Cotton Market Fundamentals & Price Outlook3 min read
The latest USDA report featured a small increase in 2019/20 global
production and a decrease in 2019/20 global mill-use. The addition to the
world harvest projection was 263,000 bales, bringing the current forecast
to 121.6 million. The world consumption figure fell 850,000 bales,
bringing the current forecast to 118.2 million.
Along with an increase in beginning stocks (+191,000 bales to 80.2
million), the combination of a larger crop and lower offtake lifted the
figure for global ending stocks (+1.3 million bales, to 83.4 million). This
number is above the tight range between 80.2 and 80.8 million maintained
since 2016/17 but is well below the level of 90.1 million bales in 2015/16.
At the country-level, notable changes to production numbers included
those for the U.S. (-302,000 bales, to 19.8 million), Brazil (+300,000, to
13.0 million, matching the record for Brazilian production), Chad
(+235,000, to 325,000), and Tajikistan (+130,000 to 570,000).
The largest changes to mill-use figures included a 1.0 million bale
reduction for China (to 36.5 million) and 100,000 bale increases for
Bangladesh (to 7.4 million) and Turkey (to 7.3 million).
Global trade forecasts were mostly unchanged (+25,000 bales to 43.6
million). Notable changes in import figures included those for China (-
250,000 to 8.3 million) and Bangladesh (+100,000 to 7.4 million). The
largest revisions for export estimates included those for Brazil (-100,000
to 8.8 million), and Chad (+110,000 to 200,000).
The USDA released preliminary estimates for the 2020/21 crop year
at their Agricultural Outlook Forum in late February. Globally,
expectations were that production would decrease by about three million bales, to 118.5 million (current 2019/20 number is 121.6 million). World
mill-use was expected to tick higher (to 121.0 million bales, the current
2019/20 number is 118.2 million) due to an assumption of stronger global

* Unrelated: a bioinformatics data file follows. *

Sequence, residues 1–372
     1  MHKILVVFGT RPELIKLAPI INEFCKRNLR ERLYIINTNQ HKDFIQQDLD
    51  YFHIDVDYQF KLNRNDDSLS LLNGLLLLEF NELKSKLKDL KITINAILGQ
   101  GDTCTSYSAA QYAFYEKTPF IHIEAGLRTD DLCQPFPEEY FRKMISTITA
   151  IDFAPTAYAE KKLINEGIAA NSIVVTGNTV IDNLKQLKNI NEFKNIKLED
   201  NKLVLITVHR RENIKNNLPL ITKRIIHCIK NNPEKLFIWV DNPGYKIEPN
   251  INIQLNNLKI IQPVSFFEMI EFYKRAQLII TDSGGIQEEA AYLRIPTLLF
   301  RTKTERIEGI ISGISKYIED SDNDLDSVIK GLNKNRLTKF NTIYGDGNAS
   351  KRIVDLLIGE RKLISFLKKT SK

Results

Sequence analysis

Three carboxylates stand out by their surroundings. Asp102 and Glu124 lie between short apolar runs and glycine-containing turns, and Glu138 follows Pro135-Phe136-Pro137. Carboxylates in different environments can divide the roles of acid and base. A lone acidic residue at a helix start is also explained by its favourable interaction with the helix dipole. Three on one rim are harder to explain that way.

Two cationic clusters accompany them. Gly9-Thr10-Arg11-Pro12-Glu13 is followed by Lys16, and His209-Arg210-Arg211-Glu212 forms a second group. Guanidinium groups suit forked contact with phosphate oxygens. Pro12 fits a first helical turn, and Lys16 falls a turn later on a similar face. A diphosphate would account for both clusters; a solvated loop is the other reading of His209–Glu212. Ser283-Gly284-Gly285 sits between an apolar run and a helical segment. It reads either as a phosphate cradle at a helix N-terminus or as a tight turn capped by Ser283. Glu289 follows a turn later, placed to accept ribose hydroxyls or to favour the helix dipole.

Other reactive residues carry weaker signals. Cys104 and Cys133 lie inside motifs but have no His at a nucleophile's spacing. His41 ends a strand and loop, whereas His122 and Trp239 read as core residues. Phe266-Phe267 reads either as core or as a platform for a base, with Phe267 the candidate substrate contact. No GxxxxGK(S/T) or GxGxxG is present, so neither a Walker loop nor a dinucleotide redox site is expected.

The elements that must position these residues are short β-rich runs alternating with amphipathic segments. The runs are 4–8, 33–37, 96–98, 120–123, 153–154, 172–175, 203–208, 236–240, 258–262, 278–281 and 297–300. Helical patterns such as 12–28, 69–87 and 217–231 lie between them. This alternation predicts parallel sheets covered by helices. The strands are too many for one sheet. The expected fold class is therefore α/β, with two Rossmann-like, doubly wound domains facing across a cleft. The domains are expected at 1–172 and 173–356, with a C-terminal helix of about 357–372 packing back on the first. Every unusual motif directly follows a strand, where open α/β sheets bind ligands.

economic growth. In combination, the decrease in production and the
increase in consumption were expected to result in a production shortfall
of about three million bales.
The corresponding reduction in global ending stocks would put
carryout at the end of the upcoming crop year just below 80 million bales.
That level would be marginally below the range between 80.2 and 80.8
million bales that was maintained between 2016/17 and 2018/19. A drop
below that range could be interpreted as a positive for cotton prices (crop
year averages for the NY nearby were between 73 and 79 cents/lb
between 2016/17 and 2018/19).
However, even though these figures are only a few weeks old, the
rapid spread of the coronavirus has significantly altered macroeconomic
conditions and makes the recent USDA estimates for 2020/21 feel dated.
The Organization for Economic Cooperation and Development (OECD,
a group representing 36 nations with a goal of promoting global growth)
ventured a revised forecast for global GDP growth in 2020 in early March
that suggested a 2.4% increase in economic activity. If realized, this
would be below the 2.9% growth rate experienced in 2019 and would be
in the opposite direction of the acceleration in global GDP assumed by
the USDA in their early 2020/21 forecasts.
In 2019, global growth was the slowest since the financial crisis.
Deceleration from that weak level does not suggest strength on the
demand side of the balance sheet and implies downward risk to
consumption estimates. Including March, there are still five months
remaining in the 2019/20 crop year, meaning there is ample time for the
coronavirus and the slowdown in economic activity it can bring to lower
expectations for the current crop year as well as the upcoming 2020/21
The USDA lowered its consumption number for China this month.
Reports are that China is returning to a more normal set of business
conditions already, which could mean that further decreases in Chinese
consumption could be limited. Nonetheless, delays have been registered
throughout supply chains. The resulting logistical bottlenecks, along with
the spread of the virus beyond China, pose risks to demand. If global
conditions do not clear up quickly, weakness from the demand side could
erase the production deficit projected by the USDA in 2020/21.
It remains very early for 2020/21. Planting is just starting in a few
warmer regions of the northern hemisphere, and there is a lot of weather
to be experienced before the next harvest. The coronavirus and
macroeconomic conditions dominate demand-related concerns at the
moment, but the trade dispute and its potential impacts should not be
forgotten. The Phase One agreement is now in effect. If the targets laid
out in the agreement are not met, further escalation may occur from both
sides. The trade dispute has been identified as a contributing factor for
the economic slowdown in 2019. If tensions flare again in 2020,
economic growth could end up being lower than currently expected.